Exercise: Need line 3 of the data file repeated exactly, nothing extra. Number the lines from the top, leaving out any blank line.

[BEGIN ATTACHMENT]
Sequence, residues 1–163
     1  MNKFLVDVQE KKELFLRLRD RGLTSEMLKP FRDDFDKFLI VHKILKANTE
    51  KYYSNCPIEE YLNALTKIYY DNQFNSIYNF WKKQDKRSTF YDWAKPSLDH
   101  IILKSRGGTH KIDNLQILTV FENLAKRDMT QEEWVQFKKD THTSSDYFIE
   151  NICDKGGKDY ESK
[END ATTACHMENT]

    51  KYYSNCPIEE YLNALTKIYY DNQFNSIYNF WKKQDKRSTF YDWAKPSLDH